Digital readout on left, giving an indication of the floor the elevator is on. On the right, as you come out of the elevator, the floor number is marked, including in Braille. (Photo credit: Pieter Valkenburg)
I was reminded of that elevator when I read about upset customers who were forced to use a store’s self-checkout, against their will. One of the customers, who the reporter described as ‘hard of hearing’ said that “I hate these new blasted self-checkouts, because they talk to you and I can’t figure out what they’re saying.” (See https://www.cbc.ca/news/business/shoppers-drug-mart-superstore-self-checkout-loblaw-1.5056800) It was déjà vu for me as I had no idea that the self-checkouts spoke. Mind you, I’ve only tried it out twice.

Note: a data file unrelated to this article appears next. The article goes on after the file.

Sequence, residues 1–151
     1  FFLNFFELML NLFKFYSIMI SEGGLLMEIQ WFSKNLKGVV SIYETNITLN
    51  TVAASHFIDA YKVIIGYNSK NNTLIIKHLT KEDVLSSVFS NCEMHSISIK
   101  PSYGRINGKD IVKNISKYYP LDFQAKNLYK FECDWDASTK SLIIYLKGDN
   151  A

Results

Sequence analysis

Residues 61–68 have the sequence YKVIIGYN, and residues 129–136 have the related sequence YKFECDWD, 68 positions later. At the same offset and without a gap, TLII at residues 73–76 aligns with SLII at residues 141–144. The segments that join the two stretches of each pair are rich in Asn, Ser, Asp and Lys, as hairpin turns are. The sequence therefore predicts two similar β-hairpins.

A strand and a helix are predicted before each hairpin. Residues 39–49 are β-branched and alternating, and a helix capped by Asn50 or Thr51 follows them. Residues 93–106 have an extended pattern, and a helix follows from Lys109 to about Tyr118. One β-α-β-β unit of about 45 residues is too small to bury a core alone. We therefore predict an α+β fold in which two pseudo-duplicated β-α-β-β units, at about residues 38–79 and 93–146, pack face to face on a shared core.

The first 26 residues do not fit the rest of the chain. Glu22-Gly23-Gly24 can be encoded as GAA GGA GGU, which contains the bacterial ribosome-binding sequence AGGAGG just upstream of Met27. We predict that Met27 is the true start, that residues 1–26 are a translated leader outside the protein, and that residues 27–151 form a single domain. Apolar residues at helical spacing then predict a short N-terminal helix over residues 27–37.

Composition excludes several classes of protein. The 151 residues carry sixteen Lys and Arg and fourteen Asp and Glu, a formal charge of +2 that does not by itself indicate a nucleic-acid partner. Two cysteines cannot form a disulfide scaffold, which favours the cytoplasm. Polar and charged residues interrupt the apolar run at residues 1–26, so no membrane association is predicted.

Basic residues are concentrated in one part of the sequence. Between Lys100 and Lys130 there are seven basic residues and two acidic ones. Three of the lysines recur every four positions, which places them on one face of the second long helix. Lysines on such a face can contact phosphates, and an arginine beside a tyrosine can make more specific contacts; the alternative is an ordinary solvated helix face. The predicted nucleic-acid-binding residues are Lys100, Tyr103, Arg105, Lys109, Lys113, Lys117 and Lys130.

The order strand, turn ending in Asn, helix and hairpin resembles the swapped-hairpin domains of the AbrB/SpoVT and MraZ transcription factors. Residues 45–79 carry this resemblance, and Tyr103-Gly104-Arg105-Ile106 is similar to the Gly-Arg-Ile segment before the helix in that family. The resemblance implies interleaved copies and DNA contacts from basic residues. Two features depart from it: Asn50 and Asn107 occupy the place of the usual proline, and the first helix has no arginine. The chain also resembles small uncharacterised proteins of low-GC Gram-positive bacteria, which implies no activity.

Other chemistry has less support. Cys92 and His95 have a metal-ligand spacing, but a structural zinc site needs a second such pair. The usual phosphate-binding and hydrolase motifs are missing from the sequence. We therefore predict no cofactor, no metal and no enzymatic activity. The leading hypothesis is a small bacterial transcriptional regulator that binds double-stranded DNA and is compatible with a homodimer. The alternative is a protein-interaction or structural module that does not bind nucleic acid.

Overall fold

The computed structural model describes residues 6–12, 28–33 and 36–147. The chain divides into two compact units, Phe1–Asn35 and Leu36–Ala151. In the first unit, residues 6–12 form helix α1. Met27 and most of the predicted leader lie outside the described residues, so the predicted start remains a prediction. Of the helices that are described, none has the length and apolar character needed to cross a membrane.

One time I wanted to buy a birthday card for my husband before he found me and caught me buying his card. The staffed checkout line was so long that I got lured to the self-checkout. One item. How difficult could it be? It was a pain in the you know what, and if the machine spoke to me, I didn’t hear it. Meanwhile my husband had gone through a newly opened staffed checkout line and was waiting for me, perfectly aware of my surprise purchase.